Lafayette Scholar Comes to LaGrange
Alan Hoffman is a Lafayette Scholar. He’s coming to LaGrange.
Pitch a crowd of scholars into a Lafayette Scholar sifter and what sieves through is a little less than six feet, wearing a compact bowtie, or at least looking the part, and carrying a confidant, comfortable countenance, as though he or she had just stepped out of a Frank Capra story. Picture Charles Sherman Ruggles. Or Alan Hoffman. Lafayette scholars know story.
Hoffman, similar to so many Americans, got side-tracked in his youth. He attended the epitome of Ivy League luster, Yale University, where the absence of good football, I’m sure, prompted his spending many a Saturday afternoon instead in the library with his studies, by default. People out of Yale mostly learn how to dress, a sort of sartorial conceit; but Alan redeemed himself by majoring in history, studying with a grand master of that field, Edmund Morgan. Morgan had an epic, original mind, which defined for a generation the discussion of America’s paradox in his book, “American Slavery, American Freedom.” How Hoffman subsequently became distracted is a mystery, but then again youth has its own logic. From the grandeur of history he succumbed to the sorcery of law and Harvard Law School. Saturday afternoons were surely here even more dismal and disappointing than at Yale.
Forty years now he has been a Boston lawyer. He maintains a sense of healthy self-regard, however, by living outside the confines of Boston proper and commuting from his home in New Hampshire.
In 2002 he read Andrew Burstein’s, “America’s Jubilee: How in 1826 a Generation Remembered Fifty Years of Independence.” It was as though he had discovered within himself a deep and hidden spark, a pilot light fueled. This story of the Marquis de Lafayette, who was at the time the most popular and revered man in all America, rekindled for Hoffman the grandness of history and its power to inspire. Lafayette, at the invitation of President James Monroe and at the request of Congress, returned to America in 1824 as The Nation’s Guest for a Farewell Tour. The last of America’s Revolutionary War generals, for thirteen months in 1824 to 1825 he crisscrossed all twenty-four states then comprising the United States, everywhere greeted with enormous crowds and wild celebrations.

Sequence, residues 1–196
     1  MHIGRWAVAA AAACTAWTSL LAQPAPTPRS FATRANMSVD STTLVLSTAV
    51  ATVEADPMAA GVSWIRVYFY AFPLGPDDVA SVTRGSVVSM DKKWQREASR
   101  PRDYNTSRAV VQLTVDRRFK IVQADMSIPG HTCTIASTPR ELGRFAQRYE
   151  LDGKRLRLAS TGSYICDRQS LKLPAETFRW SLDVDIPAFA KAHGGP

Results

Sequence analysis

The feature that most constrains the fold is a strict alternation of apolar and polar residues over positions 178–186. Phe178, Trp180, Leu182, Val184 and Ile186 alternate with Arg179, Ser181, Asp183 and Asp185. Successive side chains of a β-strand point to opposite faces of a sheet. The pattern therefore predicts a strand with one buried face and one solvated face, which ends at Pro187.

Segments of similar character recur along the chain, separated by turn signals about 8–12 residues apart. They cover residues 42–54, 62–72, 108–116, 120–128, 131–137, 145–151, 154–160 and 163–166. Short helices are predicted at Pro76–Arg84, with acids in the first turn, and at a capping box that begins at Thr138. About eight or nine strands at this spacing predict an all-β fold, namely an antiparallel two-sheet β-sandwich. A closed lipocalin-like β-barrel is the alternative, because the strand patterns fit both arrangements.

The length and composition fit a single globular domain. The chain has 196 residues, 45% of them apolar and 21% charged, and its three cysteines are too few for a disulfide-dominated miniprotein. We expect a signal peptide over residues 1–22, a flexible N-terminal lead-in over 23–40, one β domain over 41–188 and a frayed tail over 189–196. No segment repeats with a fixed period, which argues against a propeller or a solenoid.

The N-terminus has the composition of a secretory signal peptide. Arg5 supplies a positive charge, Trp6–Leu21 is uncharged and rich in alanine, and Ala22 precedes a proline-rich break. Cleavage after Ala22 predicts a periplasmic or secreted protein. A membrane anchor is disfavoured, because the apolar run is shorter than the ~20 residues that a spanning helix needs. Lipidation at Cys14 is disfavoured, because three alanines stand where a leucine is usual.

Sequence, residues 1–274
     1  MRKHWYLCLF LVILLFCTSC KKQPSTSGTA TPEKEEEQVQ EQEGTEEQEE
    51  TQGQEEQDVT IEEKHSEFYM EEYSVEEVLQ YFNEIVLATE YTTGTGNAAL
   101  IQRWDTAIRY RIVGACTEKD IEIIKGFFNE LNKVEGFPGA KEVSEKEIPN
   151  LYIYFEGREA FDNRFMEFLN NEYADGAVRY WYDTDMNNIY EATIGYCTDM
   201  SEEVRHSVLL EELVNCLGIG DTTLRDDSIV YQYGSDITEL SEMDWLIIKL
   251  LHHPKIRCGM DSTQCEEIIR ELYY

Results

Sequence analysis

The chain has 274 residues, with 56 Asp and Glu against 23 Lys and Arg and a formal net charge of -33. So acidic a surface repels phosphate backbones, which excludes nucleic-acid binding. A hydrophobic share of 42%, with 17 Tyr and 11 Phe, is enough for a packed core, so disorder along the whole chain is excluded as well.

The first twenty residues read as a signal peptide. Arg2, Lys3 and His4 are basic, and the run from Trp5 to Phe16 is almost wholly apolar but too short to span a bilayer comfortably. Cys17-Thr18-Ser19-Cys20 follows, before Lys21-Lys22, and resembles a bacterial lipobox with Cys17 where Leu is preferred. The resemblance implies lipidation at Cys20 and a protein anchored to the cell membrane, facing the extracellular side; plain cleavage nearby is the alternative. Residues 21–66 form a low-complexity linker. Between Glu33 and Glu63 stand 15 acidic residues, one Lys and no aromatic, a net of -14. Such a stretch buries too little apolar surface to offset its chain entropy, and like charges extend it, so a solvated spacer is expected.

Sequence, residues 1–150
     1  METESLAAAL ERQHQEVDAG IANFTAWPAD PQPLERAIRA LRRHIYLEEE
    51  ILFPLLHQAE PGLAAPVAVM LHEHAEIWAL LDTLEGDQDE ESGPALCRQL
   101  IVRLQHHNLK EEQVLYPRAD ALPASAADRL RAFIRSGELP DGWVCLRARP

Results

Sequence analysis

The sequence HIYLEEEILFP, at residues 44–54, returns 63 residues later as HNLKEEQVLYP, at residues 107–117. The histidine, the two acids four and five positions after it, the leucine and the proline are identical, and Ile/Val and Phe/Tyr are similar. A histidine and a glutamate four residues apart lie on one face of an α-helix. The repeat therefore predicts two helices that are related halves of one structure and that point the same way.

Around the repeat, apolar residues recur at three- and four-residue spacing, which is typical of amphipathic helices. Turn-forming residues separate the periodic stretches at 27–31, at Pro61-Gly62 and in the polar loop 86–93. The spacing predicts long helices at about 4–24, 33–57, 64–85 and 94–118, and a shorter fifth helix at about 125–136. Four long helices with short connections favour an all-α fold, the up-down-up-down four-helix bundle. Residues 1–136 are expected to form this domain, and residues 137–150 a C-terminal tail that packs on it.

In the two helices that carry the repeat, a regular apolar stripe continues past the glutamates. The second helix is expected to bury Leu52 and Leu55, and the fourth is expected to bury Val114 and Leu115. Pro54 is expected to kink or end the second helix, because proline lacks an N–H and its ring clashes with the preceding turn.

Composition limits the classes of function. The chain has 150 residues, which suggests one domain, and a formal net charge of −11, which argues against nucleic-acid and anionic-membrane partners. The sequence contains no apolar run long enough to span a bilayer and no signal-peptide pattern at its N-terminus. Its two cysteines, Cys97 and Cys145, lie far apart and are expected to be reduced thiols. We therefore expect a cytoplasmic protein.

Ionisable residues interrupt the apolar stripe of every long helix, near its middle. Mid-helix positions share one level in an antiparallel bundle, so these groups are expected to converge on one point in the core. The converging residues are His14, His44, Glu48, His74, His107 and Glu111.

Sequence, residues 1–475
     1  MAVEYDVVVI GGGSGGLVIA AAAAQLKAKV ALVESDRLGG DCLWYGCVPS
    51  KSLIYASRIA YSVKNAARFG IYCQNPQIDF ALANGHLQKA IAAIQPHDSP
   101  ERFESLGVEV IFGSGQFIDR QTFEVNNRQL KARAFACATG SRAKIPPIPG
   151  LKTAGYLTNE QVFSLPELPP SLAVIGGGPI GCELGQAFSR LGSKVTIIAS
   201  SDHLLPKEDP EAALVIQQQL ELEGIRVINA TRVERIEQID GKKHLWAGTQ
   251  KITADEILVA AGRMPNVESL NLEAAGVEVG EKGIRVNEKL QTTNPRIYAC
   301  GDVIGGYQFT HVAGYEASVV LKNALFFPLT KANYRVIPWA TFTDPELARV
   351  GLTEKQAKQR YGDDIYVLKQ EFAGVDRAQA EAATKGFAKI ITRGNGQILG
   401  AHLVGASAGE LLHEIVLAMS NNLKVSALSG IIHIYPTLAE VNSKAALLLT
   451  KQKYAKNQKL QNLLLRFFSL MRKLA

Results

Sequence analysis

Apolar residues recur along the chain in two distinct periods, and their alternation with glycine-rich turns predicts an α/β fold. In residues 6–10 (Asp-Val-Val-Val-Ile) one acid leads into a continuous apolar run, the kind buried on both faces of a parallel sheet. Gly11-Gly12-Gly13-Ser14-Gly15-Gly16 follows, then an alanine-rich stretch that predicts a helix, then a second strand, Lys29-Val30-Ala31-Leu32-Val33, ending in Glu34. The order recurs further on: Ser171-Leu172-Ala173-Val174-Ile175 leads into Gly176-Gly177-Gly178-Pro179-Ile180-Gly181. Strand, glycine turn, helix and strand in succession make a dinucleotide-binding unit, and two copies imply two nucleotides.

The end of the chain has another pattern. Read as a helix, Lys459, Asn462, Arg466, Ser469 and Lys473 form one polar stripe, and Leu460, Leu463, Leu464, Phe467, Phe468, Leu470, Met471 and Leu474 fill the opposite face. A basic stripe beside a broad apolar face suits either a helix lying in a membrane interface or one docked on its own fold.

Lafayette’s personal secretary Auguste Levasseur kept a running record of the visit, in French. Hoffman, looking to read Levasseur’s work, could find no unabridged translation, only piecemeal parts. For two years, nights and weekends, he rallied his recall of college French and translated the whole of Levasseur’s journal.
Published in 2006,”Lafayette in America in 1824 and 1825,” now in its third printing, launched Hoffman’s career as a Lafayette Scholar. Provide a street corner or a podium, he is at home with either one, and he can tell the story. He also serves as President of the American Friends of Lafayette and the Massachusetts Lafayette Society.
At high noon, April 11, 2019, he will give a talk to a joint meeting of civic clubs on “Lafayette: The Farewell Tour,” with emphasis on the Georgia leg, March 19 through March 31, 1825. Lafayette visited Savannah, then by boat and coach on to Augusta, Warrenton, Sparta, Milledgeville, and Macon. On March 31 he arrived at what is Engineer’s Point on the Chattahoochee River, present day Lawson Field, Fort Benning. He was ferried across by Creek Indians to Fort Mitchell, Alabama. Perhaps apocryphal, but the story goes that Lafayette viewed West Georgia and commented, Colonel Julius Caesar Alford within earshot, that the land reminded him of home, the Chateau de LaGrange; thus, the settlement nearby assumed its name, LaGrange.
For Lafayette, any insurgent move toward independence was not a hard sell. He supported upstarts in Italy, Portugal, and Ireland. Here in America he argued for the abolition of slavery and, together with Fanny Wright, hoped women would be permitted greater voice. Hoffman will discuss “Lafayette: Human Rights Advocate,” on Thursday evening at 6 PM, April 11, at Hills and Dales. This is free and open to the public.
Hoffman retired not long ago, but it seems to me the obligation he now undertakes to inform America about Lafayette much more challenging than flailing away in a courtroom, and more meaningful. Cicero said gratitude is parent to all other virtues, whereas Aristotle said courage, and now comes Alan Hoffman to reconcile the dispute, with Lafayette as the occasion for such lofty chatter.
Edmund Morgan would be proud.
Richard L. Ingram